What is the value of technology if it helps us work more but doesn’t free us to drive greater value?
If some form of artificial intelligence and machine learning was implemented into a business process highly dependent on paper, and that technology could help automate the capture of information and subsequent document processing, is that gain in efficiency an outcome? Many would agree that it is. Without a doubt, it would be an improvement over having a human reviewing each document to identify relevant information and then keying the information into another system in order for the process to move forward.
However, the outcome here is not the efficiency improvement. The efficiency improvement is a benefit, but the business outcome is what that improved efficiency can deliver. Maybe it provides a business with an ability to pay its bills faster, and in doing so, qualify for cash discounts. Maybe it helps a business to automatically detect fraud and thereby lessen business losses. Perhaps it drives new customer onboarding, delivering more rapid revenue capture.
All of these examples are business outcomes delivered by the efficiency benefit gained from technology implementation. Although these outcomes are significant, we may have missed the most significant outcome of them all: worker emancipation.
What is worker emancipation? We have amazing technology in today’s business world that is improving on a daily basis. Yet, we still have workers in virtually all job functions mired in non-productive work tasks and processes, many of which are ripe for automation. If we could free today’s worker from the mundane — in essence, emancipate them — what would that mean for our businesses or for the workers themselves?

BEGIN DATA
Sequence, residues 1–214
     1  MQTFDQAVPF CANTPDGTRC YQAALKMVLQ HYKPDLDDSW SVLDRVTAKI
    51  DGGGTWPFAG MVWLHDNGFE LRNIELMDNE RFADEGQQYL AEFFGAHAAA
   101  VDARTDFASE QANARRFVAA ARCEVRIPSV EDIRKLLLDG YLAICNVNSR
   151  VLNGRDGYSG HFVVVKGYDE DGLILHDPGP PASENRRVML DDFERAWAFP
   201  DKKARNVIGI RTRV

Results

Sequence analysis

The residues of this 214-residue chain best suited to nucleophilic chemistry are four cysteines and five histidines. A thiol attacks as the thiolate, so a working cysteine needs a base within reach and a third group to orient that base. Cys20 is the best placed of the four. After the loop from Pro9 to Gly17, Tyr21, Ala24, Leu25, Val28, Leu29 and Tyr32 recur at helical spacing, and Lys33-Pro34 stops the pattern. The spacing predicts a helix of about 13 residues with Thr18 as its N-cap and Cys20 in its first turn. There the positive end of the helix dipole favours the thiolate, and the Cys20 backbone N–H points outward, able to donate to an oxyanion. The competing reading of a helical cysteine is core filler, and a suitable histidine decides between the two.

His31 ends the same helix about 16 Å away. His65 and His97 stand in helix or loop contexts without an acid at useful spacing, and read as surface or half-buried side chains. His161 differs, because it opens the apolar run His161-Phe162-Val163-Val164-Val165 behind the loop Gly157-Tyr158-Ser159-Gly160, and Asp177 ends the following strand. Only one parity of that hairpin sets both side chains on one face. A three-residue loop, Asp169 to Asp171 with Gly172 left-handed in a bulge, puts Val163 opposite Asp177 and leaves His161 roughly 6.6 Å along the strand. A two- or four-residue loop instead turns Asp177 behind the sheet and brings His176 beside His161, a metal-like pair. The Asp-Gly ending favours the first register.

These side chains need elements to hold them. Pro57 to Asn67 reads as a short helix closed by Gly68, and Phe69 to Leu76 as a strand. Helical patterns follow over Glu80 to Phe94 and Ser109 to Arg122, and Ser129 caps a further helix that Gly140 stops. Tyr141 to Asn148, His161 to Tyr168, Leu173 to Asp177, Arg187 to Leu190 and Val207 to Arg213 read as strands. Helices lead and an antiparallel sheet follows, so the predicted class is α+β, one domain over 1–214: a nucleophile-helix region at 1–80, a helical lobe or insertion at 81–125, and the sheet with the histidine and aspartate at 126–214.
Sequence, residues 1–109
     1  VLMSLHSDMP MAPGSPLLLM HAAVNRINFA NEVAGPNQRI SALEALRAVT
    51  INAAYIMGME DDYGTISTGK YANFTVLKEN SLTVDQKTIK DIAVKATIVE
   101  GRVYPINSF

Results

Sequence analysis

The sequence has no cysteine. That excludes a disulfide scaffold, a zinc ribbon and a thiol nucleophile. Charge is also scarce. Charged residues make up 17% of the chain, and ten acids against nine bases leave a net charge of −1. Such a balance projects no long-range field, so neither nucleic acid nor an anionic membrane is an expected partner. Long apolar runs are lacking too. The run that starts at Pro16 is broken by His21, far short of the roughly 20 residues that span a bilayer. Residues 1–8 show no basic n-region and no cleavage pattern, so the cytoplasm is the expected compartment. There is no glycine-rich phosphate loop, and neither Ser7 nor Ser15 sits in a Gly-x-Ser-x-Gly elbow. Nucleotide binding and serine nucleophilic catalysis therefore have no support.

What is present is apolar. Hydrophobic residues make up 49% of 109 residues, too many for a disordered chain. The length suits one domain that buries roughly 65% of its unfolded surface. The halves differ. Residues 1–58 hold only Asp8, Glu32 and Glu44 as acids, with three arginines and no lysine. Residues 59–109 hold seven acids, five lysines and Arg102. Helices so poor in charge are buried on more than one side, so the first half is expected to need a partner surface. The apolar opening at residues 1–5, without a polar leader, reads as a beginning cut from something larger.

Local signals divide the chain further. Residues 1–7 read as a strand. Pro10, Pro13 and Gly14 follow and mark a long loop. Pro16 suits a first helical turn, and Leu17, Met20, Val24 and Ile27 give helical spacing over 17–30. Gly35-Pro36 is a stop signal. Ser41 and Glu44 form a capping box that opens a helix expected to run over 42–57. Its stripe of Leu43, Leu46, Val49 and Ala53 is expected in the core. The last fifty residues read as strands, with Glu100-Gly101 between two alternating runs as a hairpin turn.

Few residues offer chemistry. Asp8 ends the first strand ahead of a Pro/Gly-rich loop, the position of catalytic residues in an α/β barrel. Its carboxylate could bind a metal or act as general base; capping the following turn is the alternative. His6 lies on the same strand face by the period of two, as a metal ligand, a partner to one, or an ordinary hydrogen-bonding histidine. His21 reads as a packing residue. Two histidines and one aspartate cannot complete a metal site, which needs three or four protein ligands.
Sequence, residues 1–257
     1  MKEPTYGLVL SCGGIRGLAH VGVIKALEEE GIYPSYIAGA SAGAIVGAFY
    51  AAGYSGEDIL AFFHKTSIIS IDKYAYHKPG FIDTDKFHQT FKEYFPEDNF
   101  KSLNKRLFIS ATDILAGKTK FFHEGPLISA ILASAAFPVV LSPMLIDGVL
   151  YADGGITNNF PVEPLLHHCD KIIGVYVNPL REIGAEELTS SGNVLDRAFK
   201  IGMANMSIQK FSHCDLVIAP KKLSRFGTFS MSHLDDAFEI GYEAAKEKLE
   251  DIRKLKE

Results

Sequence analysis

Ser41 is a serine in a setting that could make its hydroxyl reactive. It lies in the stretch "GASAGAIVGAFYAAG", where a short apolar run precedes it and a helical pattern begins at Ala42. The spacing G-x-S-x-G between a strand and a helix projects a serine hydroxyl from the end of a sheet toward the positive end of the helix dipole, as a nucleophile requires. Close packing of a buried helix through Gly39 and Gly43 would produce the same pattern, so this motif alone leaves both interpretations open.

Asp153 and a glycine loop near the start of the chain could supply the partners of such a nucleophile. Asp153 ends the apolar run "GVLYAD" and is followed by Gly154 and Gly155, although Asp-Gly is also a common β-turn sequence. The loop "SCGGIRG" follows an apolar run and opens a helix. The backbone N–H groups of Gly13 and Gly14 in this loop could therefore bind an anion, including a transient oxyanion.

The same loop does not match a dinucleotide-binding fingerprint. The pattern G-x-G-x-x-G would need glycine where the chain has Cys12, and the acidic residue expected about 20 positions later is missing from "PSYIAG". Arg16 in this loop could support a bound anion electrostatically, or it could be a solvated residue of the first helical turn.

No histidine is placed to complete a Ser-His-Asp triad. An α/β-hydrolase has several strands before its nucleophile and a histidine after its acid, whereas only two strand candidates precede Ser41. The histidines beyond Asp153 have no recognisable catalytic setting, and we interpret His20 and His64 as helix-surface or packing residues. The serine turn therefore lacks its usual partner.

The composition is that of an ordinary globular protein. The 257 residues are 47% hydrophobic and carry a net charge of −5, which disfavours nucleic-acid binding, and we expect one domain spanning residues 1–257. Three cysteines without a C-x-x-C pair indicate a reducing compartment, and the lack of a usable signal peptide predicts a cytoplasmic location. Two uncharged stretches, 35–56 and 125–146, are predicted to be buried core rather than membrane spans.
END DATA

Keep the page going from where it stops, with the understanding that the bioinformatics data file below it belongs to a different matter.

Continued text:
Before we answer these questions, we need to consider whether emancipation is really possible. After all, we’ve reached a point in time where even with advanced technology, job tedium still exists. Is there technology available today or on the horizon that holds the key to worker freedom?
Artificial intelligence, if you can believe it, has been around since the 1950s, with Arthur Samuels developing the first “learning” checkers-playing computer game. As the decade progressed, additional advances were made, a number of machine learning examples developed, and artificial intelligence got its formal name.
So, if artificial intelligence and machine learning have been around since the 1950s, why has it taken so long for this technology to be implemented for practical use cases? The reasons are quite simple and include computing power, algorithms and data. Although artificial intelligence has a long history, it has not been until recent times that computing power and algorithms have advanced to a level where datasets can be processed to provide meaningful pattern recognition and learning opportunities. So many of today’s artificial intelligence-oriented applications are based upon machine learning capabilities that improve in accuracy as more data is processed and as corrections are made to erroneous results. With the computing power available today — particularly distributed computing power in the cloud — there is more than enough horsepower available to crunch the data so vital to AI application accuracy. In addition, while early AI application installations often struggled given a lack of viable training data, this is also changing, with many AI-based applications benefiting from public data pools and new training methods. The result is that we are now on the precipice of seeing AI-based application software become pervasive across enterprises and for these programs to provide meaningful benefits from the time of initial installation — benefits that should only improve with ongoing utilization.